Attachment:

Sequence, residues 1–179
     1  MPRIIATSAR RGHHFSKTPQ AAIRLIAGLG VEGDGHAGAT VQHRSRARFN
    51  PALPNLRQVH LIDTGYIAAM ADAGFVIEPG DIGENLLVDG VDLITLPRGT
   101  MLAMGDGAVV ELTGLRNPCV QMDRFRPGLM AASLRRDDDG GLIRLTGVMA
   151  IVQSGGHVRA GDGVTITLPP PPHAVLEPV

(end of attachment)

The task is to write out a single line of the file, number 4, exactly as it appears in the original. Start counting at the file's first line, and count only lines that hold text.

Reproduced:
   101  MLAMGDGAVV ELTGLRNPCV QMDRFRPGLM AASLRRDDDG GLIRLTGVMA